Cover Photo: Courtesy of Farm (The Great Madras)

Go off the beaten track; Singapore's built architectural heritage comprises more than just shophouses and colonial-style structures, with the Golden Mile Complex as one such notable structure. We round up five modern buildings that photographers and design lovers ought to visit

Additional reporting by Cheryl Lai-Lim

While Singapore might be well-known for its striking city skyline peppered with cutting-edge high-rise towers and its historic shophouses, these structures show insights into Singapore's earlier decades as a young nation and are the embodiment of the city-state's built heritage. While notable modern landmarks such as Golden Mile Complex are already well-known, these buildings nonetheless will offer another perspective to the country's urban development over the years.

Whether you're a history buff or a design enthusiast, these sites are sure to make you see Singapore's architectural history in a different light. 

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1. Dakota Crescent

Also known as the Old Airport Road Estate, this early example of public housing built in 1959 has been partially conserved, with its central blocks to be retained even as the rest of the estate is redeveloped. Innovative construction materials such as steel tubing and hollow cement blocks adapted from industrial use were employed to keep costs down. Decorative concrete screens give the estate a distinctively 1960s appearance.

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2. Pandan Valley

Designed by Tan Cheng Siong and Archynamics Architects and completed in 1978, this was one of Singapore’s very first condominium projects. The terraced structure gives many apartments large amounts of outdoor space, and the whole development embraces the local topography. Without conservation status, Docomomo considers it threatened by redevelopment.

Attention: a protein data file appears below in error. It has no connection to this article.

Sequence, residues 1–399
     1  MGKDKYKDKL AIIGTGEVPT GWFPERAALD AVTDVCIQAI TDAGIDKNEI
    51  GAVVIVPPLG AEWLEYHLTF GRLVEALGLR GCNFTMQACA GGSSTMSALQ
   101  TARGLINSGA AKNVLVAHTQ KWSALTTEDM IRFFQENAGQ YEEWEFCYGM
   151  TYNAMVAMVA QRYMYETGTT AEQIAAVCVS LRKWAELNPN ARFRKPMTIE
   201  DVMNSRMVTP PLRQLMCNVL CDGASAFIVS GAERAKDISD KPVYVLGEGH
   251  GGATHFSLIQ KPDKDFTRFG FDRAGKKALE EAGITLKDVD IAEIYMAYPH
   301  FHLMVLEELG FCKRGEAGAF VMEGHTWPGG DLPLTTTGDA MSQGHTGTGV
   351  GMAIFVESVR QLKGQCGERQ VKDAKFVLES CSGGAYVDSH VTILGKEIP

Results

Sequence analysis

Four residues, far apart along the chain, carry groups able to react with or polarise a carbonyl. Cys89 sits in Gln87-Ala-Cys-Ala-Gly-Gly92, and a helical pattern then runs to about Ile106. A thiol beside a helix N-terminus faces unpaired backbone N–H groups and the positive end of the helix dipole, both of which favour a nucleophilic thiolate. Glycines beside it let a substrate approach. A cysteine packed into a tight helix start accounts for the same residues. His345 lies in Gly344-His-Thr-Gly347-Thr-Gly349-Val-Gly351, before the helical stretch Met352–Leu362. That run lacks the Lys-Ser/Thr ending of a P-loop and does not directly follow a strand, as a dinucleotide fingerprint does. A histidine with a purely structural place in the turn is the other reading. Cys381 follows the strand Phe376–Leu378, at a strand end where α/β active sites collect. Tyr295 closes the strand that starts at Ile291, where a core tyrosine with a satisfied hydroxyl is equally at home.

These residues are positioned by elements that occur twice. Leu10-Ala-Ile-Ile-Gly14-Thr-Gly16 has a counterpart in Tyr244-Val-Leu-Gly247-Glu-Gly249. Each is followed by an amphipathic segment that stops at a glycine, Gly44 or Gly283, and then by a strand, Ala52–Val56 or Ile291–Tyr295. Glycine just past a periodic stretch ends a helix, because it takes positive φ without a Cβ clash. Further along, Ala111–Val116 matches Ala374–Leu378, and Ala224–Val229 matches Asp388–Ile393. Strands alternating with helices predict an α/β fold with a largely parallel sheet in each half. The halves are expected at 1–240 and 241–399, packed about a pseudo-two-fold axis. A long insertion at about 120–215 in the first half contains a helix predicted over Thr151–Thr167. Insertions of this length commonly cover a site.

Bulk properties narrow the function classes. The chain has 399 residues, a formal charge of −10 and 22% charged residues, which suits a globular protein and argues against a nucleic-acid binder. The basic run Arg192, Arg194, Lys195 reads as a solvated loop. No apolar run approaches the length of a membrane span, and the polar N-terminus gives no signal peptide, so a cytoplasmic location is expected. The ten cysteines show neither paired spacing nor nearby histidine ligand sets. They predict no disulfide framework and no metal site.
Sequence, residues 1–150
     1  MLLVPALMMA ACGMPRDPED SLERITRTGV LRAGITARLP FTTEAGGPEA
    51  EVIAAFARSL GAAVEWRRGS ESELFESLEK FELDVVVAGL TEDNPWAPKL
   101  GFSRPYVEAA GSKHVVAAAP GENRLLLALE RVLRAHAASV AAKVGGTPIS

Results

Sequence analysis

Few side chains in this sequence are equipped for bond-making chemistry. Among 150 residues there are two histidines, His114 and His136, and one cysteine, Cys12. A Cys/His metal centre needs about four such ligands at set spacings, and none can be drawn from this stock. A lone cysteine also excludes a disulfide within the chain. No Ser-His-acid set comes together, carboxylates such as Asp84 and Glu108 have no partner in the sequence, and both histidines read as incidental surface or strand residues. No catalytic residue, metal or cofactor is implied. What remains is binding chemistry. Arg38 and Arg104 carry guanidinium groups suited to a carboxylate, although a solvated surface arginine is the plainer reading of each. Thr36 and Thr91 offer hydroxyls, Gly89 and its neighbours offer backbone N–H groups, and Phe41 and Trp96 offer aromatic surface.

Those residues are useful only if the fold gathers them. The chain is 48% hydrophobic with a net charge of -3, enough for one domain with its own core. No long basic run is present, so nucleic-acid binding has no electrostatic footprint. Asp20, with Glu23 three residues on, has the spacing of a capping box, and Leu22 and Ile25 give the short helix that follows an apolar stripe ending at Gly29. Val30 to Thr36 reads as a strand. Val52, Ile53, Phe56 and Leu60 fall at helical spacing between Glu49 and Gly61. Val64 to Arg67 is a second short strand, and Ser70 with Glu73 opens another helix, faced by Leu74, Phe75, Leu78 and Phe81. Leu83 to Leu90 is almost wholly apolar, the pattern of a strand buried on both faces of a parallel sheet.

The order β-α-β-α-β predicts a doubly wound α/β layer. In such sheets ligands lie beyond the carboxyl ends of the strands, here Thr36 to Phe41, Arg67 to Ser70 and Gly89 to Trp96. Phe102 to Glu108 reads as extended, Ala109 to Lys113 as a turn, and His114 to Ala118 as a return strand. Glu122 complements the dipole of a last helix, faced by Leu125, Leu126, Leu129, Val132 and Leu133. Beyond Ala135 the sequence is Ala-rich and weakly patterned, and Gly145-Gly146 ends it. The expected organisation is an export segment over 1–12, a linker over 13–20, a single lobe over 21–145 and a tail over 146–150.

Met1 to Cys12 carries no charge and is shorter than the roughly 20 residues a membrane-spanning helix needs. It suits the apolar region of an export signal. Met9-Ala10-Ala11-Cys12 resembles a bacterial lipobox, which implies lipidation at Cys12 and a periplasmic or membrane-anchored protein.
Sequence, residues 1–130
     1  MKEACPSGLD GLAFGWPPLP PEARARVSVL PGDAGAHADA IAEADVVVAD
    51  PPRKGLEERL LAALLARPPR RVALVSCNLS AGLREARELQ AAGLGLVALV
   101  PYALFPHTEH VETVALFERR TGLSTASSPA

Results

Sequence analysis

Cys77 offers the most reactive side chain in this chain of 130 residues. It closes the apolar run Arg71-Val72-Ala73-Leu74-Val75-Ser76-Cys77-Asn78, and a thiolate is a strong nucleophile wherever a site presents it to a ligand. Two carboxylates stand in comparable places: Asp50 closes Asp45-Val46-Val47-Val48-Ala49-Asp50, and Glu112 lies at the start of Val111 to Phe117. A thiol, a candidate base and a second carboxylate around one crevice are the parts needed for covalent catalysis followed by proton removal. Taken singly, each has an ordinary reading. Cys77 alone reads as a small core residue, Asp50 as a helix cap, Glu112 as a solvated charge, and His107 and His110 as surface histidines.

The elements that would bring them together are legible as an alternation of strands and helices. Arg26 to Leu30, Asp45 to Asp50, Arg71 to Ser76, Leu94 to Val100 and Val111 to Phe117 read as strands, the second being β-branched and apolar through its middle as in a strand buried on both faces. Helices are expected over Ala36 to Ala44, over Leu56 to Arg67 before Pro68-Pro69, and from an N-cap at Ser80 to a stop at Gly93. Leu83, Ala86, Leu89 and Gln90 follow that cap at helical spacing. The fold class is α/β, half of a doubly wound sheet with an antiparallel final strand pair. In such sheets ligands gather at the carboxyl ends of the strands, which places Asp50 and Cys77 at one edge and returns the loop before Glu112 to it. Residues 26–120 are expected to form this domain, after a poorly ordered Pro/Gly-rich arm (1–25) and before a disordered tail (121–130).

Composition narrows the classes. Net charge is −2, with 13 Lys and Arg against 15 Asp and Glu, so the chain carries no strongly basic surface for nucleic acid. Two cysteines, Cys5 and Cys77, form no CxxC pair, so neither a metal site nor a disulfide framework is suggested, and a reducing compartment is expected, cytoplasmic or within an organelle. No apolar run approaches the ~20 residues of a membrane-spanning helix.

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3. The Great Madras

The adaptive reuse of modern buildings is still in its infancy in Singapore, but this is one example of how even small projects can make an impact. Built in the 1940s with curved overhangs and distinctive brick balconies, this former public housing block was restored and converted by local studio Farm into The Great Madras hotel in 2018, earning it a URA Architectural Heritage Award.

4. Tan Boon Liat Building

One of the last reminders of the Singapore River’s industrial heritage, this 15-storey building was completed in 1976 and designed by Chok and Associates. External corridors connect the building’s units, giving it a distinctive functionalist appearance. Many of the current tenants are furniture stores, turning it into a destination for interior design aficionados.

5. Jurong Town Hall

Designed by a team of local architects led by Lim Chong Keat, this 1974 building is considered one of Singapore’s best examples of brutalism, which is why it was conserved in 2005 and subsequently renovated. The building’s cantilevered upper storeys and angled facade give it the appearance of a concrete gemstone.

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